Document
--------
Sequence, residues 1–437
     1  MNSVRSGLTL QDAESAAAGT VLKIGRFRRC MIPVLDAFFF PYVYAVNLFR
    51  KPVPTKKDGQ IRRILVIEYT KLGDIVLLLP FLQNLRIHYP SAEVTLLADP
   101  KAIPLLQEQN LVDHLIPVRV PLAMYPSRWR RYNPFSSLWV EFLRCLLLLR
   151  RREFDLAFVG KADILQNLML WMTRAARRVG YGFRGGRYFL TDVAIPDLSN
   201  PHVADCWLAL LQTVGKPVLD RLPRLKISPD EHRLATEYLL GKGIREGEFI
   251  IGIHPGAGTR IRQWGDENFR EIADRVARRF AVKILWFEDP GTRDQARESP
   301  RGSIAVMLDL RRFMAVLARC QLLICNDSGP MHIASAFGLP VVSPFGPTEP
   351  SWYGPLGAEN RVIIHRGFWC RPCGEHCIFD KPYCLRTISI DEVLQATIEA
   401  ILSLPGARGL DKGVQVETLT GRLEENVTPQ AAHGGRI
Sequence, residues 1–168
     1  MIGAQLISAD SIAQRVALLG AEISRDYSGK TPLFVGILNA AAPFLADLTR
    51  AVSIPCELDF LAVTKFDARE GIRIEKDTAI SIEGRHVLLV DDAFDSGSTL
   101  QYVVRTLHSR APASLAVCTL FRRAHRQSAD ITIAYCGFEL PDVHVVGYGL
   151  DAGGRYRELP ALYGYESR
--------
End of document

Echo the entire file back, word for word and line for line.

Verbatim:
Sequence, residues 1–437
     1  MNSVRSGLTL QDAESAAAGT VLKIGRFRRC MIPVLDAFFF PYVYAVNLFR
    51  KPVPTKKDGQ IRRILVIEYT KLGDIVLLLP FLQNLRIHYP SAEVTLLADP
   101  KAIPLLQEQN LVDHLIPVRV PLAMYPSRWR RYNPFSSLWV EFLRCLLLLR
   151  RREFDLAFVG KADILQNLML WMTRAARRVG YGFRGGRYFL TDVAIPDLSN
   201  PHVADCWLAL LQTVGKPVLD RLPRLKISPD EHRLATEYLL GKGIREGEFI
   251  IGIHPGAGTR IRQWGDENFR EIADRVARRF AVKILWFEDP GTRDQARESP
   301  RGSIAVMLDL RRFMAVLARC QLLICNDSGP MHIASAFGLP VVSPFGPTEP
   351  SWYGPLGAEN RVIIHRGFWC RPCGEHCIFD KPYCLRTISI DEVLQATIEA
   401  ILSLPGARGL DKGVQVETLT GRLEENVTPQ AAHGGRI
Sequence, residues 1–168
     1  MIGAQLISAD SIAQRVALLG AEISRDYSGK TPLFVGILNA AAPFLADLTR
    51  AVSIPCELDF LAVTKFDARE GIRIEKDTAI SIEGRHVLLV DDAFDSGSTL
   101  QYVVRTLHSR APASLAVCTL FRRAHRQSAD ITIAYCGFEL PDVHVVGYGL
   151  DAGGRYRELP ALYGYESR